Developing markets, Space, and the Arctic are three areas where population change and markets are shifting to the frontier. Developing markets are leading the global economy and by 2030, they will account for over 60% of global population and GDP. Multinational companies will increasingly see their key revenue streams coming from Asia Pacific and the most lucrative opportunities arising in the underdeveloped African markets. Space as the final frontier because humankind’s interest in space is longstanding. Ultimately, as population grows and Earth’s natural resources diminish, sources outside our planet will have be found to cater to the ever-growing demand. Is the environmental risk too high to exploit the arctic. In the face of global warming, the Arctic is becoming increasingly accessible for global mining, shipping, tourism and other industries. But opportunities come with high environmental risks and pressure from public and private sectors to maintain high sustainability standards.
Shifting economic power: Asia and Africa are at the centre
With the rising importance of emerging markets increasing interest in frontier markets, and fears over advanced economy stagnation, the global economy has witnessed a paradigm shift. These changing dynamics are affecting all levels of society, from atrisk-of-default governments to job-insecure workers. The turning point was in 2008 when emerging markets overtook developed countries for the first time in their contribution to world GDP in PPP terms. Euromonitor predicts that this trend will continue with emerging and developing countries accounting for two thirds of global output by 2030. There will be six emerging markets in the 10 largest economies in the world in 2030.
The space economy
As the population grows and Earth’s natural resources diminish, sources outside our planet must be found to cater to ever-growing demand. Space is already a big industry with an estimated value of over US$300 billion, of which over US$30 billion is attributed to spacecraft production. However, private companies are taking only the first steps in this new area and are looking for ways to make space travel commercially viable.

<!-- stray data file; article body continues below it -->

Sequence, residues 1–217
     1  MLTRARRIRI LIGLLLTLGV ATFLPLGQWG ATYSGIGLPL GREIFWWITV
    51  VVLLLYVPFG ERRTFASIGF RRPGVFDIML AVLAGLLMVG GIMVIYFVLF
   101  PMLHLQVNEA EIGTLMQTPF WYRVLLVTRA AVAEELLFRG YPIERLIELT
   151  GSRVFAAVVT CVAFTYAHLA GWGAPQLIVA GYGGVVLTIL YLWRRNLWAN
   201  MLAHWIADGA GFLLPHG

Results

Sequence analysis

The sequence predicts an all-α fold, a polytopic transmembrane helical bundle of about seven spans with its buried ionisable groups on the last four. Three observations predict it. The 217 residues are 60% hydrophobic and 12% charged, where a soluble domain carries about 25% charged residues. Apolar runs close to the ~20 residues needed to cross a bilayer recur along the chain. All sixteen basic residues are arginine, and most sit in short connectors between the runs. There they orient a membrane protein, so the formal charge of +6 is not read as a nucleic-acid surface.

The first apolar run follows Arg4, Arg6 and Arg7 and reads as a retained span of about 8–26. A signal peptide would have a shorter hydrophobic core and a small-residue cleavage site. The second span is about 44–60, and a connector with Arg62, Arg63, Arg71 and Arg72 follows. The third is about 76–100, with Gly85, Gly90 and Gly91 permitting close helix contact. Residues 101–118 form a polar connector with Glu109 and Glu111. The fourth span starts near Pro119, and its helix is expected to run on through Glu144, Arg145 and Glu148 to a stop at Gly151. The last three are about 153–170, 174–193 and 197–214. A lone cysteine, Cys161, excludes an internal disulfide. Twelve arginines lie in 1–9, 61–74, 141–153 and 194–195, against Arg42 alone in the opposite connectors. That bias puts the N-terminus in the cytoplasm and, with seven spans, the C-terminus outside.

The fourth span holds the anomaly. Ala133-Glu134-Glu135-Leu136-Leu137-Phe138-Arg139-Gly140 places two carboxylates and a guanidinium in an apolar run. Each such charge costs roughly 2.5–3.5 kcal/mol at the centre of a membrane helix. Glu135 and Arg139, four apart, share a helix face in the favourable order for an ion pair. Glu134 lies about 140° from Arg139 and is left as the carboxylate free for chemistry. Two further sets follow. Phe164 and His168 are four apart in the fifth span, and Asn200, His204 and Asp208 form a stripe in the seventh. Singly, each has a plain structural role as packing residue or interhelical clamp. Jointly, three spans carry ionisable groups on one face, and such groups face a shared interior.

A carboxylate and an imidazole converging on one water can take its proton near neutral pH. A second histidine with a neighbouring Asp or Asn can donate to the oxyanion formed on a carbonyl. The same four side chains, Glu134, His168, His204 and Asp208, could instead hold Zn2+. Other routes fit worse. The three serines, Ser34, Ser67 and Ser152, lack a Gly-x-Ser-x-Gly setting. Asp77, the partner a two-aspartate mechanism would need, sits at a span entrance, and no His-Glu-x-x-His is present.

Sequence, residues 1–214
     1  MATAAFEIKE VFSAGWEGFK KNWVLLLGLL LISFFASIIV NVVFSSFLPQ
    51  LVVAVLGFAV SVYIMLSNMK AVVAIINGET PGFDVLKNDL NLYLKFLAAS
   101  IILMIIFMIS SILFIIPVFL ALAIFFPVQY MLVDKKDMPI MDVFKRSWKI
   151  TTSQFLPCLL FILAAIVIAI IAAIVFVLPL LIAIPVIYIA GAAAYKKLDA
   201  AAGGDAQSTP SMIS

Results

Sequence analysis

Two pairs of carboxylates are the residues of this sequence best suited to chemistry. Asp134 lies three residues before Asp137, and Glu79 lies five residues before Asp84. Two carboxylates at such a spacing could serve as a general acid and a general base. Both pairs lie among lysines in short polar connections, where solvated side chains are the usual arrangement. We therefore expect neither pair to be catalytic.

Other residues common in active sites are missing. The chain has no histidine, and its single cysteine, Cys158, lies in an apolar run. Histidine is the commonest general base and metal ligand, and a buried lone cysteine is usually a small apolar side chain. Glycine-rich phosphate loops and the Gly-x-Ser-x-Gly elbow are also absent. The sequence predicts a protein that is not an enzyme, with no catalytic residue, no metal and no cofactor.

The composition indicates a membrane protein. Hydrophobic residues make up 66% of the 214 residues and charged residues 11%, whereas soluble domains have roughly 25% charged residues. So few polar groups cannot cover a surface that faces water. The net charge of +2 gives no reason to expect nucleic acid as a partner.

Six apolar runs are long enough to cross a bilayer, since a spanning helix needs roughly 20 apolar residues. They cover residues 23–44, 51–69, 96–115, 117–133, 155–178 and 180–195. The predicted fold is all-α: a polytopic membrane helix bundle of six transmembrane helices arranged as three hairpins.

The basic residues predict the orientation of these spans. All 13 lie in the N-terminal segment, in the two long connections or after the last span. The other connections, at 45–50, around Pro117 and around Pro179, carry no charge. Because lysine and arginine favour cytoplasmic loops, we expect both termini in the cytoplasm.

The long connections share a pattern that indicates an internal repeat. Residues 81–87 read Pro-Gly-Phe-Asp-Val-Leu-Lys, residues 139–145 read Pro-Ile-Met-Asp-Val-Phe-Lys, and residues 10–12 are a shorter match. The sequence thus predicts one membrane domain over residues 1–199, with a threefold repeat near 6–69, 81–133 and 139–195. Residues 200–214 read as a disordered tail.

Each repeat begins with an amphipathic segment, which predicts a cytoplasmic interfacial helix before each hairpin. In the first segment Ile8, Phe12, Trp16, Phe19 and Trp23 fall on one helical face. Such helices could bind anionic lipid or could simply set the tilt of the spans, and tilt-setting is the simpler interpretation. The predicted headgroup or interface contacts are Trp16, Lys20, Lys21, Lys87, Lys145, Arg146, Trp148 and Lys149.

In 2017, The Space Economy reached its turning point, as the first private microsatellite launches were completed and exploratory resource missions to near-Earth space and the Moon are approved for the end of the year. If technology develops as fast as it is currently, it is only a question of time as to when profitable space mining operations start. Space also offers opportunities for the growing number of billionaires, who are looking for extraordinary experiences. The Russian Space Centre took seven tourists to space over 2001- 2009, but halted the programme since then. Now private companies are aiming to fill the gap.
In the face of global warming, the Arctic is becoming increasingly accessible for global mining, shipping, tourism and other industries. The Arctic holds a significant amount of oil, gas, metals and other natural resources. As global consumption grows, it is inevitable that resources in the Arctic will become more important in the future. Arctic tourism is on the rise in recent years, as an increasing number of people want to visit this extraordinary environment. Shipping companies are expected to increasingly explore arctic routes for transportation, as time and distance is up to 30% shorter using the Arctic, compared to traditional routes. However, new economic opportunities come with high environmental risks. Companies that want to explore and operate in the Arctic should prepare to meet strict environmental regulation and be a part of setting as high as possible sustainability standards, in order to preserve nature and maintain positive corporate profiles.